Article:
The Emperor's New Groove: David Spade and John Goodman Overcome a Weak Script
|The DVD cover|
Allers, though, got in over his head and let the project fall behind, a major no-no when Disney had major licensing deals in place for its scheduled mid-2000 release. Allers laudably was trying to craft something original and epic, but Disney movies at that time were being cranked out like an assembly line, and there wasn't time to both refine a brand new story and assemble it into a finished product - subjects of animated Disney movies around that time were the aforesaid "Tarazan," "The Hunchback of Notre Dame," and "Hercules," all of which had established characters and storylines. Dindal was brought in to add some jokes, Allers left because they wouldn't allow him six additional months to do the job right (which ultimately happened anyway, but Hollywood isn't high school, you don't always get extensions), and the project got a new name, script, composer (John Debney), characters and animation. Basically, the entire "The Emperor's New Groove" project came to a dead halt and then veered off in a completely new direction just two years before it was released - an amazingly abrupt and quick turn-around for an animated Disney movie.
|"This will be my fine new vacation villa! Oh, and you have to move."|
Even after Allers left, though, the focus for "The Emperor's New Groove" remained muddled. While the title was a take-off on Hans Christian Anderson's classic short story "The Emperor's New Clothes," at no time did the production have much of anything to do with that story beyond the Emperor being vain and blinded to reality. Instead, the script originally veered off toward Mark Twain's "The Prince and the Pauper" (Allers had directed a short of that story years before), with an Incan Emperor switching places with a peasant on a whim. That idea didn't work either for studio executives - "The Prince and the Pauper" has been done to death in live-action productions - so when Dindal came in, script changes were pounded out until the story resembled neither "The Emperor's New Clothes" nor "The Prince and the Pauper" but something entirely new. What resulted is better than might have been expected under the circumstances, but "The Emperor's New Groove" has no clear focus or satisfactory resolution and wound up being the first Disney movie aside from special project "Fantasia 2000" to lose money - a lot of money - in many years. So, what did "The Emperor's New Groove" finally become? A hilarious comedy, with lots of sight gags, word-plays, and the kind of manic fun that had been missing during an era of serious - almost reverent - themes such as "The Hunchback of Notre Dame" and "Pocahontas." There's nary a song to be heard, it's all just fun and games.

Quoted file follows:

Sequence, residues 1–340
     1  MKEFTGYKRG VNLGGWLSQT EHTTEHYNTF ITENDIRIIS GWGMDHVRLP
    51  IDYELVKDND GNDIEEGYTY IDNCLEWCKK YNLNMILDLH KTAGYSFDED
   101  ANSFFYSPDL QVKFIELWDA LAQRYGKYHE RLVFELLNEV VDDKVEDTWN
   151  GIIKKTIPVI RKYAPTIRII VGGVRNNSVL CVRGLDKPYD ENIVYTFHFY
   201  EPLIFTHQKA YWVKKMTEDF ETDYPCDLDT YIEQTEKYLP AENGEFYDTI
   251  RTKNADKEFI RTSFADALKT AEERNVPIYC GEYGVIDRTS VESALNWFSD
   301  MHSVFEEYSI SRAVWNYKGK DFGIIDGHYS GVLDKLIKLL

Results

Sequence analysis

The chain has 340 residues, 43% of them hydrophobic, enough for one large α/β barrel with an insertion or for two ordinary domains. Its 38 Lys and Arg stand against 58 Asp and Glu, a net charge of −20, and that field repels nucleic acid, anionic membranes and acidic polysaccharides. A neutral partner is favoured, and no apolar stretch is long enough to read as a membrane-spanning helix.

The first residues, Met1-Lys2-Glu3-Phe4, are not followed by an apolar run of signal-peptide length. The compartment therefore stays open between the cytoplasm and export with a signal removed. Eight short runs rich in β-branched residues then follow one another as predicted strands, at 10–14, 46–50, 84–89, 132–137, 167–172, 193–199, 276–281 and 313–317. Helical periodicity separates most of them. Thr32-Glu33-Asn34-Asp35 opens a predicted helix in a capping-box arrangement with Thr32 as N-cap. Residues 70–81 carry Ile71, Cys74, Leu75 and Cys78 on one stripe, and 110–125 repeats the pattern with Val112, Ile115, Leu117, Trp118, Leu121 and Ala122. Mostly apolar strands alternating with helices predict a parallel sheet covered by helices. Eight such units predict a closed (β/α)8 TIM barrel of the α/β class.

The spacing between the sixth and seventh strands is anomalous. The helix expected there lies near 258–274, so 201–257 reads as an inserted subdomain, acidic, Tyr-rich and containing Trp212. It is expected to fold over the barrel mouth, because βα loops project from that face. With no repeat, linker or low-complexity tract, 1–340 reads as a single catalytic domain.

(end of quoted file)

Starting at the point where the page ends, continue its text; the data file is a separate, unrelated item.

|Kuzco is an arrogant young scamp|
Kuzco (David Spade) is the arrogant teenage Emperor of the Incas. He is completely full of himself and decides to build an enormous villa, Kuzcotopia, on a nearby hill. Kuzco calls in the local village leader who lives there, portly Pacha (John Goodman), to tell him he has to leave. Pacha protests, but Kuzco is adamant. Meanwhile, Kuzco wilfully terminates his advisor, Yzma (Eartha Kitt), for meddling in his affairs and usurping his role as Emperor in Kuzco's absence. Yzma decides to stage a coup and has her muscle-bound assistant, Kronk (Patrick Warburton), poison Kuzco. The poison, however, just turns Kuzco into a llama. Making the best of a bad situation, Yzma orders Kronk to take Kuzco the llama out into the countryside to a waterfall and kill him there, so Kronk puts Kuzco in a sack and heads out.
|David Spade is a hoot as Kuzco the llama|